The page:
Skilled workers, without certificates proving their competency, could soon get the necessary documents needed to access more job opportunities through efforts from local labour and technical/ vocational authorities.
Many skilled workers in Guyana operate without the necessary certification proving that they are indeed proficient in their respective fields.
Now, however, the Council for Technical and Vocational Education and Training (C-TVET) in Guyana and the Ministry of Labour are teaming up to find ways of systematically assessing those workers’ skills and providing regionally recognised certification that would boost their chances at becoming gainfully employed in Guyana’s expanding economy.
This will be done through a programme known as the Prior Learning Assessment and Recognition (PLAR).
At the launch of the programme and the opening of a workshop on Monday, TVET Officer David Glasgow explained that PLAR is a mechanism that provides skilled workers with instant certification as opposed to them being forced to start new training in their field for the sake of certification.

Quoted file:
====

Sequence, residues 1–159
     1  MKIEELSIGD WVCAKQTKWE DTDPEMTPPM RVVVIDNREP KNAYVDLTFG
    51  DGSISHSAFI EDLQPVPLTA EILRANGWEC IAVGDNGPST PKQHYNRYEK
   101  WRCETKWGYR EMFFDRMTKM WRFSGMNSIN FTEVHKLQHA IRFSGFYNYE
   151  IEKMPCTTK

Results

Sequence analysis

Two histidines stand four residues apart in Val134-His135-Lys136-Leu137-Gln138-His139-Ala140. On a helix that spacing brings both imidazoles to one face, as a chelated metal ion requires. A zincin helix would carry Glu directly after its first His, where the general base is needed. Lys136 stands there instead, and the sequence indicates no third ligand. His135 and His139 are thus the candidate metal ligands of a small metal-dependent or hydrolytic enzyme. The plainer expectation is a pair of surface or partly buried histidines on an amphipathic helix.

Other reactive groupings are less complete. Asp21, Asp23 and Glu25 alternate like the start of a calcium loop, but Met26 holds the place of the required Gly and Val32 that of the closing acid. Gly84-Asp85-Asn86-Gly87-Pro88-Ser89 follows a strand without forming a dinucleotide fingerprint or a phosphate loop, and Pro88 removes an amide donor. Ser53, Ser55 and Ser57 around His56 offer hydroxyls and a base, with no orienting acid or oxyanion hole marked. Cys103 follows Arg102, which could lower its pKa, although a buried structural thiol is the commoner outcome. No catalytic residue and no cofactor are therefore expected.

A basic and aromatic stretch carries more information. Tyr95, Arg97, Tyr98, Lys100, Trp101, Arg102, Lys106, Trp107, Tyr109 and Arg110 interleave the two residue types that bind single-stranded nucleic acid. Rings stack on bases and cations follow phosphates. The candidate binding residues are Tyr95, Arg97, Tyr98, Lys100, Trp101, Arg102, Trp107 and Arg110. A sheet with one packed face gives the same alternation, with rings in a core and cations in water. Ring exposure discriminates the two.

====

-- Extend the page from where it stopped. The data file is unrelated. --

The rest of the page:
“It is mainly a mechanism to provide you instant certification so you don’t have to go through the protocol of registering for training.
“If you are skilled in an area but you want to matriculate or seek promotion and they are asking for a programme, then you can become certified,” Glasgow said.
This is viewed as particularly necessary to allow local skilled workers to meet the labour demands in Guyana’s expanding economy.
Though skilled workers may already be gainfully employed, numerous stakeholders on Monday underscored that certification is a prerequisite for many of the emerging opportunities in Guyana’s expanding economy.
Director for the Council for Technical Vocational Education and Training, Mr Patrick Chinedu Onwuzirike highlighted that a recent study showed that there are thousands of Guyanese without a certification.
Yet, studies show that many Guyanese- even those who have not completed formal education- acquired key skills throughout their life. These skills range from carpentry to welding.
With this thrust for certifying those workers, significant benefits are expected.
“This will certainly revolutionise technical education and more so the national economy, not only by creating opportunities for those who have never been certified in some ways but to also recognize talent and skills,” C-TVET Chairman Floyd Scott said on Monday.
In the short term, stakeholders will be meeting to agree on the parameters for assessing and certifying people’s competencies.